13th Conference on Mesoscale Processes


High resolution modeling of convective outflow in complex terrain

Andrew J. Newman, Colorado State University, Fort Collins, CO; and R. H. Johnson

Up to 80% of the annual precipitation in parts of Sinaloa, Mexico falls during the North American Monsoon (NAM) season. Nearly all precipitation in NW Mexico during the NAM falls in association with convective elements or more organized mesoscale convective systems. Shallow convection typically forms around noon over the high peaks of the Sierra Madre Occidental (SMO). A gradual transition to deep convective towers occurs throughout the afternoon and these elements can organize into MCSs and move off the SMO during the evening, extending over the Gulf of California in some situations. The Sinaloa region is characterized by a narrow coastal plain quickly transitioning into the SMO with peaks over 3000 m, with many steep and complex valleys. Recent research has shown areas of preferential convective initiation and to some extent investigated the role of shear/cold pool interactions on convective organization and propagation.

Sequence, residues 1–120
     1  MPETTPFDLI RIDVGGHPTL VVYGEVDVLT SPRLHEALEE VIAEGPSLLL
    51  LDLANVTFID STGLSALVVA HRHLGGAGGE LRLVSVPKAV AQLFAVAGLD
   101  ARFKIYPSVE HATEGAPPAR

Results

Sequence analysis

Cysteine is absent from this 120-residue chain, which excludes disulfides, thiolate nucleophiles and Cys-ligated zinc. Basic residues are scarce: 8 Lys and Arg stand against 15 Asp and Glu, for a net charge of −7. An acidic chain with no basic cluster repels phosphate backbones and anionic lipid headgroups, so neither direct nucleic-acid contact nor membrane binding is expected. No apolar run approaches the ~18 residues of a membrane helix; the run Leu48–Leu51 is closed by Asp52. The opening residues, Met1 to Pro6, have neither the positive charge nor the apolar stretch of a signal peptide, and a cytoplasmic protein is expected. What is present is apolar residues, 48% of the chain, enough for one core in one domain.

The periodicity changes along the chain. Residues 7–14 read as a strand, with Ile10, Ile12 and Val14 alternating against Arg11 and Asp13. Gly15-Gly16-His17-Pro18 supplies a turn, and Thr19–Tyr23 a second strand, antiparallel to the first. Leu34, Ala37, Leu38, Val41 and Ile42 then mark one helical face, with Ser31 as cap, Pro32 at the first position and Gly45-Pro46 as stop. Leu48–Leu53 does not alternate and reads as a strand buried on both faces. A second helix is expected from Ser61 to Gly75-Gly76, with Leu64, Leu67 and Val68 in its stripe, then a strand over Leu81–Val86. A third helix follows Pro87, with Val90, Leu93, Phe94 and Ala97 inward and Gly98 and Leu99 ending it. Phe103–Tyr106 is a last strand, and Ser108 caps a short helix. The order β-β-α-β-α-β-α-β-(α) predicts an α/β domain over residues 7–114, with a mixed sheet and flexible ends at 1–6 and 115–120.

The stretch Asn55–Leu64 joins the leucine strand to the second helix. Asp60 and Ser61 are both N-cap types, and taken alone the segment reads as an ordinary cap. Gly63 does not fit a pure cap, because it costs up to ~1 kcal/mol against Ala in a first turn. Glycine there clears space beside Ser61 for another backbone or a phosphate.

This presentation will extend past research by examining cold pool interaction with the complex topography and its subsequent role in convective initiation. High resolution simulations with an initial cold bubble over the high terrain shows cold outflow channeled down the steep valleys quickly away from the initial location. Comparisons to cold pool outflow with simpler topographic configurations and different resolutions will be performed. Furthermore, the implications of cold pool channeling on convective longevity and organization will be discussed.

Poster Session 1, Poster Session I
Monday, 17 August 2009, 2:30 PM-4:00 PM, Arches/Deer Valley

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